The European colonization of the Americas brought about the return of horses.  Fossil records have shown that horses were native to the North American continent, and actually moved to the Eurasian continent by crossing over the land bridge that once connected Russia to America.The genus was extinct by the time the Spanish conquistadors came ashore in North America but as Spanish horses were lost, stolen or merely turned loose onto the western plains, they began to prosper in small, free-roaming bands. The lands they lived upon were unfenced, sparsely watered and of varied terrain, but Predators were few and the bands could move as conditions dictated.


The biggest challenges to the horses’ prosperity lay in the climate and humans. The herds became bigger and bigger. Eventually they started competing with ranchers' cattle for grass or causing damage to farmland. The public-lands ranchers and farmers were determined to protect their livelihoods and so the hunt of the wild horse began. It eventually turned into gruesome roundups with helicopters and sales of the wild horses for dog food.

In 1971 Wild Horse Annie finally succeeded in having a law passed which prohibits the pursuit and killing of wild horses on the public lands as well as the killing of any horse in slaughter plants in the USA. However this didn't stop the conflicts. Ranchers wanted to prioritize the grazing of cattle on these public lands. With the attempt of controlling the reproduction of the herds and giving both animals enough space to coexist, the BLM started rounding up herds of horses and after segregating them according to age and gender, they relocated them into holding pens. Here, these feral animals that have never experienced separation and confinement, will commence a emotionally and physically draining process of wait. Wait to meet their new fate.... or not. Many of these animals are deemed "too wild or too old" for domestication, hence they spend many years in these facilities.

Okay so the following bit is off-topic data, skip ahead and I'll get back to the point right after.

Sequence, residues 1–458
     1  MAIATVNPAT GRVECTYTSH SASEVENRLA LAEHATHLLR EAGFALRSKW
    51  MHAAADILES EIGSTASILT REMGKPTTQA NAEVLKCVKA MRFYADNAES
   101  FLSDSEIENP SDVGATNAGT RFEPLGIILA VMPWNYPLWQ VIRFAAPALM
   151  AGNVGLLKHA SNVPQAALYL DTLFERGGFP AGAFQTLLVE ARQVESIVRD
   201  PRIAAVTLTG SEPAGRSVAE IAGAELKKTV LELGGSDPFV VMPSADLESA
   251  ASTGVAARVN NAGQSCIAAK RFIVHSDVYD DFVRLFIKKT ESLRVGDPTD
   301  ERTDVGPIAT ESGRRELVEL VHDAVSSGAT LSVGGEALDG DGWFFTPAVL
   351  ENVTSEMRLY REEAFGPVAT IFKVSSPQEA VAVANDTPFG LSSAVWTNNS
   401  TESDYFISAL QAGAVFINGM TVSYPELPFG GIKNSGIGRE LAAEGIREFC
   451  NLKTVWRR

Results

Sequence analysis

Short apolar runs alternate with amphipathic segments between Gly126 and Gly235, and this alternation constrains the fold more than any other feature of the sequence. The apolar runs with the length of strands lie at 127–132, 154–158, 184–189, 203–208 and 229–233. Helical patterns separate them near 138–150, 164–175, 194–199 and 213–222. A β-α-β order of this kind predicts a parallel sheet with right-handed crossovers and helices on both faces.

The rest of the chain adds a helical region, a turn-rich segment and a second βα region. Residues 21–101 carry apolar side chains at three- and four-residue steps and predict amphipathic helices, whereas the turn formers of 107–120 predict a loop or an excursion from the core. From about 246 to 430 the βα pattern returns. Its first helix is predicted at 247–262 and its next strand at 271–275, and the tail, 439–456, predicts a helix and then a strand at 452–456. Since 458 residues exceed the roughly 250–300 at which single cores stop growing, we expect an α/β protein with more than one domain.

In order to move forward and find a solution as well as a balance it is crucial to find homes for these majestic creatures. Yes they are wild, yes they are feral, yes they can be dangerous, yes it is really hard and challenging to tame them, but it is not impossible. I'm reaching out to everyone who feels affected by this. Who can't walk away from their fates. Sure, money helps but for how long and how efficiently? Education is key, good working hands, trainers, a functional herd management system that is delegated by people who care, breeding control of any domestic animal and strict identification laws following immense fines of abandonment.

Now we need to talk about this matter. Now we need to make a difference and break the viscous cycle so that we can keep healthy herds wild and re-home as many animals as possible.